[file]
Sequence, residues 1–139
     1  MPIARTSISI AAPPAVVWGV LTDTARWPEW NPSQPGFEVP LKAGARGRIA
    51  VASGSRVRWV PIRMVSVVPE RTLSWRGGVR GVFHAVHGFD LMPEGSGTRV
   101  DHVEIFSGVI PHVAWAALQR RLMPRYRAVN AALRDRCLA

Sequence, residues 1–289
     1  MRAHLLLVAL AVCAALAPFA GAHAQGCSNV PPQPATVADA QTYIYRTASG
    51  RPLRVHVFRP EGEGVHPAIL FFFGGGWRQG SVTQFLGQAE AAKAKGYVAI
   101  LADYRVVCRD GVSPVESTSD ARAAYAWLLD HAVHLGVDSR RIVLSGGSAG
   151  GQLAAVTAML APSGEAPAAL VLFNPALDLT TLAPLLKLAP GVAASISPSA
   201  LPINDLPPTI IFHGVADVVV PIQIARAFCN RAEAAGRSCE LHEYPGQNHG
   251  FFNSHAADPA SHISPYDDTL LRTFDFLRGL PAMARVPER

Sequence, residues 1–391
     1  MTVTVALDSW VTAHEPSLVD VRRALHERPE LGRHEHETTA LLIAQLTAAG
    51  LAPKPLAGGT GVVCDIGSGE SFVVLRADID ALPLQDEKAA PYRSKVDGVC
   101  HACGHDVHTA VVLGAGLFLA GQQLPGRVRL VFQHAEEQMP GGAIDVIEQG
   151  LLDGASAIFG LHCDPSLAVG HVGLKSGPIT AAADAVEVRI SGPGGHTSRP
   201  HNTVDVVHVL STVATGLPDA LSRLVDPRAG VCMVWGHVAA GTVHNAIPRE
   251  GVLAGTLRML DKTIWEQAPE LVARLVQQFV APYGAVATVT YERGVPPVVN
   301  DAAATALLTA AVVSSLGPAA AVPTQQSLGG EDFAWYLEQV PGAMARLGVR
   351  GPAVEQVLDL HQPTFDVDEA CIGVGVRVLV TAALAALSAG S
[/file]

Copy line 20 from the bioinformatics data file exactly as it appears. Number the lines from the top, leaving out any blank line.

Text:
   351  GPAVEQVLDL HQPTFDVDEA CIGVGVRVLV TAALAALSAG S